Surrender for Lent
Nobody who is trying to nap needs three cats on the bed, but that is how many I have. Now that we have lived in our new house for six months, they've established a routine, and our bed is their daytime station. They don't think I should be here during the day. They can't go out to the living room and nap on the couch -- that's their nighttime station, and it's not night yet. Cats are more rigid than most people think.
I have been a little rigid lately, too, only not inert like the cats. I've become the interim rector of St. Luke's in Metuchen, and I have a hard time staying away from work. I recognize my old self from years gone by -- the same addiction to the church, to the adrenalin creativity stirs up in my body. I'm too excited by the possibilities of the place to stay asleep for long. After thirty-odd years of ordained ministry, I still seem not to have an "off" button.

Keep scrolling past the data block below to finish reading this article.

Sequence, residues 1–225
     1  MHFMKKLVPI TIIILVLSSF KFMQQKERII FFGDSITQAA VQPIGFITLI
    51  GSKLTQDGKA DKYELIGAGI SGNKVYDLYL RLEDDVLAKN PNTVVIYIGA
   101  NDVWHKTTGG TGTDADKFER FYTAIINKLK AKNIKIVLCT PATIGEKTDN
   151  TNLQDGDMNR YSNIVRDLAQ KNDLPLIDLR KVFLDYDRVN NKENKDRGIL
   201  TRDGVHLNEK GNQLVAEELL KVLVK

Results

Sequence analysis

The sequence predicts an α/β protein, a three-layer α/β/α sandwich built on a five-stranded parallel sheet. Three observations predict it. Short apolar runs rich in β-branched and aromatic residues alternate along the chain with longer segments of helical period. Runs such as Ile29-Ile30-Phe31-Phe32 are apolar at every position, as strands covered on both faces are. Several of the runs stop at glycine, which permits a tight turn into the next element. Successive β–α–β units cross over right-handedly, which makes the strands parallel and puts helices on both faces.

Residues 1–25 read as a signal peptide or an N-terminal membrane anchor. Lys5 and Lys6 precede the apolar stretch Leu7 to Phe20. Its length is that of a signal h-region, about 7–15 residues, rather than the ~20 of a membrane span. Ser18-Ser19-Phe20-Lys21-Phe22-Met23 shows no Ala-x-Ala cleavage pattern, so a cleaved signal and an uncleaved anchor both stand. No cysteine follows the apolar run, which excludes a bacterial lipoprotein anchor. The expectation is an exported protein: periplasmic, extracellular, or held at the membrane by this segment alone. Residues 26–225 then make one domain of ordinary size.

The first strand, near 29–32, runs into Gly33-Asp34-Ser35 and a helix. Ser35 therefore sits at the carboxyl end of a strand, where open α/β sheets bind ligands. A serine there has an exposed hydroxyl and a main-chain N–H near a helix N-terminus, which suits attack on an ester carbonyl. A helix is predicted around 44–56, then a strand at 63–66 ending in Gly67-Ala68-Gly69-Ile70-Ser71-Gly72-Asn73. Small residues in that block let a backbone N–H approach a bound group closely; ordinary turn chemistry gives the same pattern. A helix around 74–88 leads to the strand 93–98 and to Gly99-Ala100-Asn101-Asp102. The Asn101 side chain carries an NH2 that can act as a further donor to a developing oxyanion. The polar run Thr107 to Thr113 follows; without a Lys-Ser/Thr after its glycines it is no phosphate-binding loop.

Yesterday was Ash Wednesday, a long one in any church. I came home exhausted, but too keyed up to sleep. So today I came home early for a nap. It was difficult to convince myself that this was all right, but I did it.
Surely I will calm down soon. For Lent, a discipline: maybe a daily nap. Some of us need to give up a pleasure. Some of us need to take on a practice. And some of us need to do a little of both.
It's not too late to adopt a rich Lenten practice of your own by signing up with Spirituality and Practice for my online 40-day retreat on the Psalms. Register at